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Insurance ONGuard: Claims Checklist

Filing a Claim: A Handy Checklist for Automobile Accidents
A person buys an insurance policy to protect against losses in the event of an accident, damage to property or personal injury.
While every claim is different, it's helpful to understand just what a claim is.
Understanding the process of filing a claim can help you – and assist your insurance company in handling your claim.
In simplest terms, a claim is your request for payment, compensation for your loss according to the terms of the insurance policy.
Let's review some guidelines for filing a claim for automobile damage in the event of an accident. Once an accident occurs, an insurance adjuster will handle the case.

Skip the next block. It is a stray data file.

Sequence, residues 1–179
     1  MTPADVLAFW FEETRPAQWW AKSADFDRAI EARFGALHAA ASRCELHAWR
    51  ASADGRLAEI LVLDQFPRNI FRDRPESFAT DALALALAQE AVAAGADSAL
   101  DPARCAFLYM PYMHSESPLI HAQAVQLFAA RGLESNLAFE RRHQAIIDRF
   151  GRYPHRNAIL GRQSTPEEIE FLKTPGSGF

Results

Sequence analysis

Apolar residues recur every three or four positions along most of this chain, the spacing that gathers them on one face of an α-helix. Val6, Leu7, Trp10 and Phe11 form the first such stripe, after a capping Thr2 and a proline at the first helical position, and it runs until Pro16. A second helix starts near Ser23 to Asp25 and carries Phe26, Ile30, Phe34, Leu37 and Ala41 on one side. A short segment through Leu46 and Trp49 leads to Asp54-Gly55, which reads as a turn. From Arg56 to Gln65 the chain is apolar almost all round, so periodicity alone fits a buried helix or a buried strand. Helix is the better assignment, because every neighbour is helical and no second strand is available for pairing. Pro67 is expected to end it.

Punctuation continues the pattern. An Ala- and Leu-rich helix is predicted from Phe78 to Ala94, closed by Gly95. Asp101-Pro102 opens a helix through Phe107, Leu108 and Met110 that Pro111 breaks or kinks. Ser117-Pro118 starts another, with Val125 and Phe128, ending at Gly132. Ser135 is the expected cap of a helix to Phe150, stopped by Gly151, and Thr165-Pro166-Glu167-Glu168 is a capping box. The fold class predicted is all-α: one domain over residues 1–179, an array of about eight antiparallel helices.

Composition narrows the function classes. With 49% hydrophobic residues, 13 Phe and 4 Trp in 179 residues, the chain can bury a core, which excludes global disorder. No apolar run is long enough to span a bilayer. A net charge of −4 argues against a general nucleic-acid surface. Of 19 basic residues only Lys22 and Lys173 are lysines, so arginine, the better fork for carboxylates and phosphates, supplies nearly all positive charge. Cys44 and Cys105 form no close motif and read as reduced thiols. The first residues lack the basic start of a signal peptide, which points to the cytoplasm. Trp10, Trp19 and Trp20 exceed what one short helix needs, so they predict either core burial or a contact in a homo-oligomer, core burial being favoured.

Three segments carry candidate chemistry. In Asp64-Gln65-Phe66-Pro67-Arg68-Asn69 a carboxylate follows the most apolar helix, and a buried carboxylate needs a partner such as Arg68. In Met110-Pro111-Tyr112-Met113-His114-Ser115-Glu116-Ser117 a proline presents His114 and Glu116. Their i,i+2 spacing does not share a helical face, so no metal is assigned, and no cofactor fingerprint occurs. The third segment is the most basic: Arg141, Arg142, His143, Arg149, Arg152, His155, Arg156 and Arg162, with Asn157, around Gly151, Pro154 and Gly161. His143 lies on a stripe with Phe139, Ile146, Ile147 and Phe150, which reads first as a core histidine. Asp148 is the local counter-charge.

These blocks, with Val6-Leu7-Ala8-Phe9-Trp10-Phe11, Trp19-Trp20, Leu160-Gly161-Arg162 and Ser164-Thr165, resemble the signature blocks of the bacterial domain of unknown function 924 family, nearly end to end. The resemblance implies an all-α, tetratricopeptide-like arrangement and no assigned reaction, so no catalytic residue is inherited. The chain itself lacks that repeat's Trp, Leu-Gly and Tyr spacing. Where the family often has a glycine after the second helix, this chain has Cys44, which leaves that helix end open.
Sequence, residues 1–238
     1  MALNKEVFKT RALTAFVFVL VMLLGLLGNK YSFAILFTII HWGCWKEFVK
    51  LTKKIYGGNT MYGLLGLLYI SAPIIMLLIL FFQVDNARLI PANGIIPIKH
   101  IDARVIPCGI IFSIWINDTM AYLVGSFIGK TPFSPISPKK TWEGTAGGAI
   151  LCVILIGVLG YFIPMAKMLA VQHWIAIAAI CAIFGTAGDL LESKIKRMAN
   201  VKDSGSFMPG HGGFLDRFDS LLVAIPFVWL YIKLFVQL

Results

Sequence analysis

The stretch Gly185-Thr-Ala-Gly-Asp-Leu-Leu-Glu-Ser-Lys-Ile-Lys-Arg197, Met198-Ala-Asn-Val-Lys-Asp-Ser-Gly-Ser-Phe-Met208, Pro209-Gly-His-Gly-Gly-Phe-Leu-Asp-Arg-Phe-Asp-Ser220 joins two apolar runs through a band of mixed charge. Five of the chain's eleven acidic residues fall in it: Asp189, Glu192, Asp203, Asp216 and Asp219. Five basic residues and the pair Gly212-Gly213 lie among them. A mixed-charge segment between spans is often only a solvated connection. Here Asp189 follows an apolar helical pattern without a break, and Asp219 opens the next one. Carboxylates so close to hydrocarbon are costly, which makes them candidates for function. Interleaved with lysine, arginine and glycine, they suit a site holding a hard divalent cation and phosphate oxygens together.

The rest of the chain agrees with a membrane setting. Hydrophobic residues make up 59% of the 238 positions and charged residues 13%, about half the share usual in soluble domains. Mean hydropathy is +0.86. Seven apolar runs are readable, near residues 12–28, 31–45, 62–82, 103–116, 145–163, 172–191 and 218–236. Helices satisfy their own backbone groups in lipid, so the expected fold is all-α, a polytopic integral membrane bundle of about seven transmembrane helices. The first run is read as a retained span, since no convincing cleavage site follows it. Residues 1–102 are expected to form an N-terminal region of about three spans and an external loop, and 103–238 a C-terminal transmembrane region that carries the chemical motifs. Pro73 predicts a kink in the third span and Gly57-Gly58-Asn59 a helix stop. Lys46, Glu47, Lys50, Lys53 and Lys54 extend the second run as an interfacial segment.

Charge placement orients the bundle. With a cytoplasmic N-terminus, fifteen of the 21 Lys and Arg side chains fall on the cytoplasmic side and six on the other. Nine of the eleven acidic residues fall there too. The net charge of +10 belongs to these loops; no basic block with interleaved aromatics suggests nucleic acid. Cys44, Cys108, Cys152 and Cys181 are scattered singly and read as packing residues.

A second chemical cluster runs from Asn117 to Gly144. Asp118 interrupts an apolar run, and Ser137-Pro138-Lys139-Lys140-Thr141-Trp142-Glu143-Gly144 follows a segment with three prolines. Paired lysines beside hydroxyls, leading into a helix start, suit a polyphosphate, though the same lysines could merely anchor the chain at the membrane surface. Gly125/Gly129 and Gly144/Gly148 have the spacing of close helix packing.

The job of an insurance adjuster is to evaluate the entire loss, starting from the cause of the damage to the final payment of the claim.
This process may include taking photographs of the damage to the car, requesting estimates, talking to witnesses, visiting the accident site, negotiating on settlement as prices may vary from repair shop to repair shop. Finally, it is the adjuster's job to recommend a settlement, or a payment on a claim, based on their findings.
Now, let's assume you've had a car accident and need to file a claim. What do you need to do to get the process started?
The first thing to do is contact your agent or insurance company as quickly as possible.
Do not delay!
Filing a claim more than 30 days after an accident may mean more paperwork, more procedures to follow and more delays in receiving your compensation.